National Security & Defense

Remember the Hostage Crisis

Iranians burn U.S. flags during a ceremony to mark the 40th anniversary of the Islamic Revolution in Tehran, Iran, February 11, 2019. (Meghdad Madadi/Tasnim News Agency/Reuters)
Forty years ago, Iran’s mullahs first showed the world how evil they are.

Forty years ago today, a mob of Islamist extremists under the direction of Ayatollah Khomeini stormed the United States embassy in Tehran, seizing 52 American hostages in a brazen act of war. Because of President Carter’s failure to respond in a strong and strategic way, the ayatollah held those Americans hostage for 444 days—and got the message that they could push America around. (Iran released the hostages on the eve of President Reagan’s inauguration because they knew that an era of peace through strength was beginning.) Almost exactly six months before that dark November day, I and my family arrived in the U.S., the legal way, to seek political asylum from a brutal regime whose chants of “Death to America” and “Death to Israel” are synonymous with the inception of the Islamic Republic of Iran.

For 40 years the message of hatred by Iranian government hard-liners — many of whom are not only political allies of former president Khatami and current president Rouhani but are also among the organizers of the hostage taking — against the United States and Israel has remained the same, as has its support for terrorism against Americans. In 1983, Iran’s proxies carried out one of the first Islamist suicide bombings, killing 241 Americans at the Marine barracks in Lebanon while they were helping to end that country’s awful civil war.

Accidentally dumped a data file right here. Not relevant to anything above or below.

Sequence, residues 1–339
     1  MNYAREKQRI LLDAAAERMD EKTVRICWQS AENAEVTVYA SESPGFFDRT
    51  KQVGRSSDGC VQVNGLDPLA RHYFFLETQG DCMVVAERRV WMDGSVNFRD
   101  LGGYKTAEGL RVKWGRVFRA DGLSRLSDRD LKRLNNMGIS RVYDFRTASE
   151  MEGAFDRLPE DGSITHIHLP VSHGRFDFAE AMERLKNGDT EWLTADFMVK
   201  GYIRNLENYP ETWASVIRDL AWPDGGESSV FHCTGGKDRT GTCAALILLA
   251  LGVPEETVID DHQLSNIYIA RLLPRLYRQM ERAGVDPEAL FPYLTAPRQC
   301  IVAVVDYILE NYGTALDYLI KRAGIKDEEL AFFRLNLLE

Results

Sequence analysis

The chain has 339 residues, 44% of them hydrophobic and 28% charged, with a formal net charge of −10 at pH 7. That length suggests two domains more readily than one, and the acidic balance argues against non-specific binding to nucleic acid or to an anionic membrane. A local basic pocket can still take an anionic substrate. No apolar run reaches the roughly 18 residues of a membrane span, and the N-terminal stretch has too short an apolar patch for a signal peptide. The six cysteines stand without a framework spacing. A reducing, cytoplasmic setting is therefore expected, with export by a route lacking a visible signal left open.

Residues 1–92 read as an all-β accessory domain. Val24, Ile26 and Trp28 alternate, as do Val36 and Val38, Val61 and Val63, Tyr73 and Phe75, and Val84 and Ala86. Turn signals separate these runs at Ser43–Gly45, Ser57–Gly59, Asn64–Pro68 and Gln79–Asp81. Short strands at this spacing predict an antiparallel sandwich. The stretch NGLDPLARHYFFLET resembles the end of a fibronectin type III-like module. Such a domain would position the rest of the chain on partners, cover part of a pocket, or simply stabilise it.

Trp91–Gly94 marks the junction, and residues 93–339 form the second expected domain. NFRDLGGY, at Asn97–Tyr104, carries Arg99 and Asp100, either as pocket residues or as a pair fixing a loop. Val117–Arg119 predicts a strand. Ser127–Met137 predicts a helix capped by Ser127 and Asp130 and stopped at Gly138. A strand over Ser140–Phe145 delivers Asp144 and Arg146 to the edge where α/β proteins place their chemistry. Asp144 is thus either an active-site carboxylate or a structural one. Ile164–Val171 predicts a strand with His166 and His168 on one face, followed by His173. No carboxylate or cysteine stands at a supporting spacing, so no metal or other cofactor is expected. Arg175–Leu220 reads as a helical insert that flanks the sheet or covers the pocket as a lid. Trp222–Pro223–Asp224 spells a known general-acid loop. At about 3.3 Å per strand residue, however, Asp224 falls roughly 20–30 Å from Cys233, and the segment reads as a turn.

Then, for eight years, President Barack Obama sent Iran the same message of weakness that President Carter had. Now Iran has been even more emboldened, with its latest attacks on international shipping and against Saudi Arabia’s most important oil facilities demonstrating a dangerous escalation of the confrontation. The U.S. and its allies must stand up to the Iranian government, or we will be sending a message of weakness that will only bring more Iranian aggression.

Iran has sent a clear message to our allies: Support U.S. sanctions against Iran and you will suffer grave consequences. If we don’t send an equally clear message that we won’t tolerate attacks against us and our allies, the entire Middle East will become even more unstable than it is now.

The more aggressive Iran grows while the U.S. does nothing, the more our allies will start losing faith in us. They will hedge their bets, in part by appeasing Iran, as they have done in the past. That would be a fatal blow to our alliances in the region, and to our effort to stop Iran from getting nuclear weapons.

President Trump was right to abandon Obama’s Iran nuclear deal. The nuclear deal, or JCPOA, was a shameful surrender, in which we gave Iran almost everything they wanted and got almost nothing of what we — and the U.N. Security Council — had been demanding for a decade. The so-called moderates that Obama negotiated with (and who currently have positions inside Iran’s government) are also the same individuals involved with the hostage crisis.

Obama’s surrender was a huge victory for the mullahs in Tehran, and it emboldened them to extend their networks across the Middle East, over Iraq, Syria, Lebanon, and Yemen. Now they are moving to break up our alliances and force Saudi Arabia and the UAE to assume a more pro-Islamic posture.

If we do nothing, they will succeed. If they succeed, our ability to maintain peace through strength and prevent Iran from getting nuclear weapons will fail. For 40 years, the regime of Khomeini and the mullahs has shown the world how evil it is, and the world must stand up to it.

Amanda Makki is running for Congress in Florida’s 13th district. She was less than one year old when her family was forced to flee the Islamic Republic of Iran.

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